Non-Traditional Teaching

At first, I assumed that the differences between John Dewey and E.D. Hirsch Jr. were going to be about how the best teaching methods. Reading about Dewey, I was on board with his using experiments and experiences as teaching methods. I assumed that Hirsch was going to argue for a “traditional” teaching style with a lecture, notes, and memorization method. However, both Hirsch and Dewey subscribe to a more Socratic teaching method, allowing students to experiment and explore in order to learn. 

The actual contrast between these two pedagogical philosophers is in what the main purpose of education should be. Dewey believes that a school’s main objective is to teach life skills and social awareness while Hirsch believes that the purpose of a school is to give students fundamental academic knowledge. 

In John Dewey’s “My Pedagogic Creed”, he notes that the authentic way babies learn how to speak their first language is the best way to teach students when they are older. You don’t need to sit a child down and have them use rote memorization to have them learn how to move their mouths to form words. The necessity of communication drives their learning and language acquisition. Dewey goes further to say that students’ interests should guide their studies. 

More importantly, Dewey argues, social awareness should be education’s main objective. Schools should be “a process of living and not a preparation of future living.” Schools should be teaching children how to be morally productive members of society. He isn’t saying that schools shouldn’t teach about geography, reading, writing, etc. Simply, children should be able to be children longer before jamming facts and figures into their heads. He thinks young children should learn life skills first like “cooking, sewing, and manual training” before settling into academic contents. He views schools not as preparation for life, but life itself. 

In E.D. Hirsch, Jr.’s “Why Traditional Education is Progressive”, Hirsch acknowledges that Dewey’s teaching method is valid. On page 43, Hirsch says that the dichotomy between traditional and modern teaching styles “is a false and misleading contrast.” It’s obvious, he says, that the best way to teach students is with hands-on experience, but that the value and need of verbal learning or lectures is also valid. 

While Hirsch also discusses the need for social teaching, like in religious schools, he gives academic “Core Essentials” a priority. He agrees with Communist intellectual Antonio Gramsci’s views:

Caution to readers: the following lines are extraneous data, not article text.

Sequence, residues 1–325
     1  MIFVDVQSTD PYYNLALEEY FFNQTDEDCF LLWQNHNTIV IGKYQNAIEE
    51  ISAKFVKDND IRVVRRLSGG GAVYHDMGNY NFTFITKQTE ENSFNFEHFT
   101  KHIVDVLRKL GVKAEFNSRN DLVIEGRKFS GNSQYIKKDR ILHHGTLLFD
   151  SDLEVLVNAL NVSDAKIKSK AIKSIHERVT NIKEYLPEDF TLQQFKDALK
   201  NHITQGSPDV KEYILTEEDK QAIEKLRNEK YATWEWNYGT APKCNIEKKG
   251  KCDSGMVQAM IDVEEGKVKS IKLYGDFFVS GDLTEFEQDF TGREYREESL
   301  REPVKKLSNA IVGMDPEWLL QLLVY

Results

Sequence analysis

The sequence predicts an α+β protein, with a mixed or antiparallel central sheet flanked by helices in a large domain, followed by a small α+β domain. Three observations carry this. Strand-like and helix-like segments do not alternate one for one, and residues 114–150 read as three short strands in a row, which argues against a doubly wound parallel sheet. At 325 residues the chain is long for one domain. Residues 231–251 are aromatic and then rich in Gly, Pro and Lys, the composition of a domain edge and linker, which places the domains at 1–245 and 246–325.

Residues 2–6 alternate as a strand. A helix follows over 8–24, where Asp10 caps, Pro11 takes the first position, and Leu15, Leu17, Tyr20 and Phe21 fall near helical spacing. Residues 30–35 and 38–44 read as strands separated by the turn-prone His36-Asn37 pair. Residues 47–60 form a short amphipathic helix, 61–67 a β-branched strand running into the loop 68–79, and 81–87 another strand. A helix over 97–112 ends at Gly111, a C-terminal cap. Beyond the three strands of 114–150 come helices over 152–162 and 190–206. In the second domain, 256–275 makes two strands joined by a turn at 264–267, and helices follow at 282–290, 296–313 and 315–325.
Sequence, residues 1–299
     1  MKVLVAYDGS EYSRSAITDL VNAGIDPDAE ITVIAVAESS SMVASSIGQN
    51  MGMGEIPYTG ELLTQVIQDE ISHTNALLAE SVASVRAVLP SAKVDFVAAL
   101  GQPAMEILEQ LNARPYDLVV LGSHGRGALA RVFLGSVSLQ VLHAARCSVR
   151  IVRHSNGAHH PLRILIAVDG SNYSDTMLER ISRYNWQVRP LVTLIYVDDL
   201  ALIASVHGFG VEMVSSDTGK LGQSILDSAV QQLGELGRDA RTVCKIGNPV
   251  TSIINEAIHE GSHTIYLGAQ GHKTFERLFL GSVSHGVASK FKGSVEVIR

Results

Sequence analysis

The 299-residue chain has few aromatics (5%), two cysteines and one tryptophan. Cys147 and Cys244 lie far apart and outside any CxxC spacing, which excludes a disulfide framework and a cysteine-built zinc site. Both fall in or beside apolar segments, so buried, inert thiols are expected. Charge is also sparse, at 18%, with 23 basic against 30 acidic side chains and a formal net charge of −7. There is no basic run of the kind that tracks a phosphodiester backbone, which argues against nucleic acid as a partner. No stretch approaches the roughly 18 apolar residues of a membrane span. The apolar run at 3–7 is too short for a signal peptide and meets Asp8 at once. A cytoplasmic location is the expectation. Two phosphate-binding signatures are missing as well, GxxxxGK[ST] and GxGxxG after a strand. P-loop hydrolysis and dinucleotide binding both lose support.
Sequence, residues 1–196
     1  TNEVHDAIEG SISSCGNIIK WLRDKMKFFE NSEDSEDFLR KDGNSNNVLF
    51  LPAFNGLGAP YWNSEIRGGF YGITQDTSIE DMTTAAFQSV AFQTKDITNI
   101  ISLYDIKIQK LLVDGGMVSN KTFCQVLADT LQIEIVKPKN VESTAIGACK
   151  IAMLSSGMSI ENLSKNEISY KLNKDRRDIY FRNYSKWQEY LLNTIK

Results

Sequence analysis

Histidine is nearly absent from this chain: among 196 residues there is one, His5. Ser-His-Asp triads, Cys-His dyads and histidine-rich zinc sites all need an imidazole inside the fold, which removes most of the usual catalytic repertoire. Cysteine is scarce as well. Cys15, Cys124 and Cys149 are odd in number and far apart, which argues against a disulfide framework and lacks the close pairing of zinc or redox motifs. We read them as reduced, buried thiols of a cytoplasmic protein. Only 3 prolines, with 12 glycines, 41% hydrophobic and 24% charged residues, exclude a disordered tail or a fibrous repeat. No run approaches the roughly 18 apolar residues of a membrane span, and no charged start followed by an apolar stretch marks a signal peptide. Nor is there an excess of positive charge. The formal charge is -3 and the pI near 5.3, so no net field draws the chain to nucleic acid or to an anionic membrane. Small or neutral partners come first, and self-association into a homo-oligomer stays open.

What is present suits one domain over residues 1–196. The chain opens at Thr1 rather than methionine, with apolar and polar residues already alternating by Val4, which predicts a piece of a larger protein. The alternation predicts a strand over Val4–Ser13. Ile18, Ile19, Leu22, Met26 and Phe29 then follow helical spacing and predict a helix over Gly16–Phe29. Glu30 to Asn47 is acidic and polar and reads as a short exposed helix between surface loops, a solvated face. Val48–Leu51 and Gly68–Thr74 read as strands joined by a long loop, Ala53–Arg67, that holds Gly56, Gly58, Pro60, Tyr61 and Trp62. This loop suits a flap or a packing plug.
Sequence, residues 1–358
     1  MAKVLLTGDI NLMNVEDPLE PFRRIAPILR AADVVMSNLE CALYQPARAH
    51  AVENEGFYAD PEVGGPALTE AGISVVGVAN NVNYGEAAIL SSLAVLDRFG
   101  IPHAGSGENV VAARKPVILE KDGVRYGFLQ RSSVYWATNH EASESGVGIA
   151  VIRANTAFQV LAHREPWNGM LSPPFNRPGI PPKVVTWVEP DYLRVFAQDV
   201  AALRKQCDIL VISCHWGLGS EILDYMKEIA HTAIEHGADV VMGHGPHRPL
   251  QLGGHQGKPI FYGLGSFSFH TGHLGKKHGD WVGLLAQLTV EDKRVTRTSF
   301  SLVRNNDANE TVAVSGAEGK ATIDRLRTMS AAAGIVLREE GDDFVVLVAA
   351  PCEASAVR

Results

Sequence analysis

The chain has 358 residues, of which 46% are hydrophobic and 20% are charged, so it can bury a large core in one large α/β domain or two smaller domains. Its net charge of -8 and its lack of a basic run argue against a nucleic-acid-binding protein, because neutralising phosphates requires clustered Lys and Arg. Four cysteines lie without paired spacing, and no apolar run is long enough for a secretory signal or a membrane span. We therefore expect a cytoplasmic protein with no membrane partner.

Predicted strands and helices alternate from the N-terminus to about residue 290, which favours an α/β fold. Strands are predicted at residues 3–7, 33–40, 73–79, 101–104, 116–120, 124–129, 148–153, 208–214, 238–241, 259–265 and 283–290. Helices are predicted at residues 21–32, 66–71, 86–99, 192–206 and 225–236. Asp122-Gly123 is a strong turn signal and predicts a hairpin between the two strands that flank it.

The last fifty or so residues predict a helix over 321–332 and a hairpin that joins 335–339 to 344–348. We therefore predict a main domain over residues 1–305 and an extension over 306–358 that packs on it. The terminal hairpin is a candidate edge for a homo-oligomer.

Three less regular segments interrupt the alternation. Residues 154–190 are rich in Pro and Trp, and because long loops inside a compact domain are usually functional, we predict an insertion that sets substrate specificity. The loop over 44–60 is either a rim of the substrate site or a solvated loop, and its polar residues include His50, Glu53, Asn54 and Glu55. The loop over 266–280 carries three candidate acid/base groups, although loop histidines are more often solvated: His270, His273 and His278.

“The oppressed class should be taught to master the tools of power and authority- the ability to read, write, and communicate- and should gain enough traditional knowledge to understand the worlds of nature and culture surrounding them.”

In other words, closing the achievement gap between socio-economic statuses relies on everyone receiving the same lessons in math, reading, writing, history, and science. Having the same knowledge base is similar in having the same language. Communication and collaboration become so much easier when everyone can reference the same prior knowledge set. 

The risk of placing priority on core academic standards is that there are many children who have talents outside of academics. A traditional setting like the one Hirsch envisions can discourage students who don’t excel academically, but excel creatively, musically, athletically, etc. Those children need outlets to cultivate and showcase their abilities. According to Sir Ken Robinson, the current institutions fail at meeting the needs of all individuals because we ignore their interests in lieu of rigorous academics. Society needs all kinds of people working together to function properly. Not everyone can or should get a college degree; therefore, college readiness shouldn’t be the main focus of education.  

As we move into an uncertain future, it’s clear that we are at the same cross roads in education today. More and more jobs are becoming obsolete or automated. Schools are preparing students for careers that don’t exist yet. Many parents and educators wonder if there is value in teaching antiquated facts. And yet, many states have adopted the Common Core State Standards, an agreed upon set of skills and knowledge every child needs to know. This set of skills and knowledge don’t include life skills like keeping a balanced budget, how to do your taxes, how to take good notes, how to treat people in the service industry, just to name a few that I find particularly important. Ultimately, both practical, social knowledge, and academic knowledge are valuable; they are two sides of the same coin.